This year's traditional Lower Brampton Steam Rally looks set to be a little different from previous years as organisers attempt to arrange a flypast of some twenty or so working traction engines.
"Getting them into the air is going to be a little tricky," admitted senior piston wrangler Kenny Spanner when we asked him if he expected any difficulties. "By and large, when these machines were first built it was not envisaged that they would need to leave the ground for any length of time, so their airworthiness has thus far not been put to the test. In many cases it is unclear whether the designs will generate lift, and attaining the speeds necessary to become airborne is likely to push many of the components beyond their engineering tolerances."
At this point, Mr Spanner rubbed his chin thoughtfully, gazed at the ground and muttered, "Some kind of ramp might be required."
Promptly emerging from this brief reverie, he suddenly appeared to be more optimistic. "On the other hand," he added brightly, "the sight of a hundred tons of iron and steel careering wildly through the skies in loose formation is one that I for one will find it difficult to forget in a hurry, and for that reason, if for no other, I for one am going to have a thumping good go at making it happen."
Persistent shoplifter Darren Marlboro of East Sussex has been handed down an unusual sentence after having been found guilty of attempting to dishonestly acquire an oven-ready chicken and a packet of firelighters from a supermarket in his home town. Presiding Judge, Mr Marcus Crumble (QC), has ordered that Mr Marlboro should complete a 'trolley dash', in which he will be given ten minutes to load up his shopping trolley with as many free items as he can lay his hands on.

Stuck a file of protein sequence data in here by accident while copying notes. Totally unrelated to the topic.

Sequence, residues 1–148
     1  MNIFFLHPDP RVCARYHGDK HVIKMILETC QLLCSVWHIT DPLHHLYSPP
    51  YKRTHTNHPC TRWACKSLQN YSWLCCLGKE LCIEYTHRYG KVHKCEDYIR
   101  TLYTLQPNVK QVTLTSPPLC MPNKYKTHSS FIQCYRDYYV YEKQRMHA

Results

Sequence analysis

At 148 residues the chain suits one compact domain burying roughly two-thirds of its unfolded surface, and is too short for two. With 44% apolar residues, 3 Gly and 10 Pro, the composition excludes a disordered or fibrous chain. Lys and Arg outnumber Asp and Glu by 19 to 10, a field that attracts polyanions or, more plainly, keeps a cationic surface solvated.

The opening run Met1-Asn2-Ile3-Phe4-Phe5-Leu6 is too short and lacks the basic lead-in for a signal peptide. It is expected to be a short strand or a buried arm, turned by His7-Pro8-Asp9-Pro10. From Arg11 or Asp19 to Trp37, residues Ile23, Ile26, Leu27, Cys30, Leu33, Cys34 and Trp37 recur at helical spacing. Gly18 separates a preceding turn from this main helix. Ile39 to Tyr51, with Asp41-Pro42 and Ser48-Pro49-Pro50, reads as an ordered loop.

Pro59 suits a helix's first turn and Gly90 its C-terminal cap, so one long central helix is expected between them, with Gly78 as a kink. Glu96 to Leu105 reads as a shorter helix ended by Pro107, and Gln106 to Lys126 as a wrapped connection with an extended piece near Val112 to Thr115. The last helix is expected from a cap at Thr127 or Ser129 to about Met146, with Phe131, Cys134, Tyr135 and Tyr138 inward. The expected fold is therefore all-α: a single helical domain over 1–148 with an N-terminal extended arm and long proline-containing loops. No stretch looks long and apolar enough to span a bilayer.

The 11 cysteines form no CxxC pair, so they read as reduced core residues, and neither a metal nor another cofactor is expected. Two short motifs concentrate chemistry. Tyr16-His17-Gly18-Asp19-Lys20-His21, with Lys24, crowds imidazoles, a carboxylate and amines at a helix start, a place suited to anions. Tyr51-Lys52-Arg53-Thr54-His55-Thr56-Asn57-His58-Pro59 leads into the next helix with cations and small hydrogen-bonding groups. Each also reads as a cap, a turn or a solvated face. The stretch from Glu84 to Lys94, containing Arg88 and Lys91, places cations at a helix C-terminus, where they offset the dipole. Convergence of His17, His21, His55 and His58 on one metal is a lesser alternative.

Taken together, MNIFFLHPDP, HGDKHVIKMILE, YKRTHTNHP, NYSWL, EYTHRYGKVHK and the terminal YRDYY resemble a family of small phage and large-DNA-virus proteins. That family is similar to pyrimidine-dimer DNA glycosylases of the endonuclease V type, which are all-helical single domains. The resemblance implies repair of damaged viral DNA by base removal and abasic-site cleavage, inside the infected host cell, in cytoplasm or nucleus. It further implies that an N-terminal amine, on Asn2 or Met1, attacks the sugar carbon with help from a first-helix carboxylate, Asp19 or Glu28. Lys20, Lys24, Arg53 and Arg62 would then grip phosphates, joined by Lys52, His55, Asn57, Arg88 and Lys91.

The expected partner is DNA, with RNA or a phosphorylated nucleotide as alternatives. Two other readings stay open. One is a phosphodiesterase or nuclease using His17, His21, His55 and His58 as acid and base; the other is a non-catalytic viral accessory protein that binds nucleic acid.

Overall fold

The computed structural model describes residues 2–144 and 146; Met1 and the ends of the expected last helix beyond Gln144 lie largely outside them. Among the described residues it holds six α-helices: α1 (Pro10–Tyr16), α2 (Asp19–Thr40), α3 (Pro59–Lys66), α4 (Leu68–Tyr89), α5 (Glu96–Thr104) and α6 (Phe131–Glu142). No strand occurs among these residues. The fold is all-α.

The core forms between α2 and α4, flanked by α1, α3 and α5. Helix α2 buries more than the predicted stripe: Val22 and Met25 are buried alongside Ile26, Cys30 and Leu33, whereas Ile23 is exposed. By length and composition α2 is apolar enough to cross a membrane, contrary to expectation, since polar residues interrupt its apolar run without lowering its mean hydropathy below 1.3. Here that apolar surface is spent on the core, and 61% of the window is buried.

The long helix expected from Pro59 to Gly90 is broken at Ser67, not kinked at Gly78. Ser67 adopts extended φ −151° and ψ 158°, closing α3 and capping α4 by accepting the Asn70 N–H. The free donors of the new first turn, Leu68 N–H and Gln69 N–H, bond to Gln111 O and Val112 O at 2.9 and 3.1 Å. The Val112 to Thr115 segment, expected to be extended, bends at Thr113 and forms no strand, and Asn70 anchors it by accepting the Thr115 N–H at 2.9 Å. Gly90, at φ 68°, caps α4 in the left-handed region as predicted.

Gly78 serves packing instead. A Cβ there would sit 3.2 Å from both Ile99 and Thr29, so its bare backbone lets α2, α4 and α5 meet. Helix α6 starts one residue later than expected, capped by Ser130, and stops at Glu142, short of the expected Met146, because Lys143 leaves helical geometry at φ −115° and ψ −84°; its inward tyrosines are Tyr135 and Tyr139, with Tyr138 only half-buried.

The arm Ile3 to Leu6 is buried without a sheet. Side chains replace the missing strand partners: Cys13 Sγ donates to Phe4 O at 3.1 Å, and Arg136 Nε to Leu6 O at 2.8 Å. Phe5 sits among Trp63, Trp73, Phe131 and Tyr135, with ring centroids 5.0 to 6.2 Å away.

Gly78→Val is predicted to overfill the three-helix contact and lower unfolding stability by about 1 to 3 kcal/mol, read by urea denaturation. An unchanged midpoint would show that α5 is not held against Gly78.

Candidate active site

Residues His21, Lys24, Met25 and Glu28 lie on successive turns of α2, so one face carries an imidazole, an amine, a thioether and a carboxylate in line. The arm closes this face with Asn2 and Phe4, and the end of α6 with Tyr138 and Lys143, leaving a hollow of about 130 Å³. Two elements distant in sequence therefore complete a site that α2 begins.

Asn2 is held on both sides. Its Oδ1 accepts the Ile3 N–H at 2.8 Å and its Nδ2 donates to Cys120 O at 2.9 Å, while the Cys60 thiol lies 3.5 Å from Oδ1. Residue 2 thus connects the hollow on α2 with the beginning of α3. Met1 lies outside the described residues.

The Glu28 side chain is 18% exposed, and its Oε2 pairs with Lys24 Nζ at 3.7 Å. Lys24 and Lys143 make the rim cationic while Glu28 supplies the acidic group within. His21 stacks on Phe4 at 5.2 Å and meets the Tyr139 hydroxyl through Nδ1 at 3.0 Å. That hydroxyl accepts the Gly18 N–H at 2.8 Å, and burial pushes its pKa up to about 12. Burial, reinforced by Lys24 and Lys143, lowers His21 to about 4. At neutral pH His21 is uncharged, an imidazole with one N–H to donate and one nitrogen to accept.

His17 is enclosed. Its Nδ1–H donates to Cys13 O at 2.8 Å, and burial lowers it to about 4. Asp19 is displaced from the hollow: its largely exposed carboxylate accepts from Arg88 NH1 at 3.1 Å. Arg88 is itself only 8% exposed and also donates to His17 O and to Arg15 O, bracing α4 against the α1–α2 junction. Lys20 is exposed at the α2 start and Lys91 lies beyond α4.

Supermarket bosses are, understandably, less than satisfied with this sentence, particularly since they will be footing the bill, but Judge Crumble is adamant that the punishment will stand. "When I was a young nipper, my father caught me behind the stable block smoking a cigarette," explained the deluded old fart. "As a punishment he made me smoke the whole packet until I was sick. A strange penalty, you might think - but, do you know, I have never smoked another cigarette from that day to this."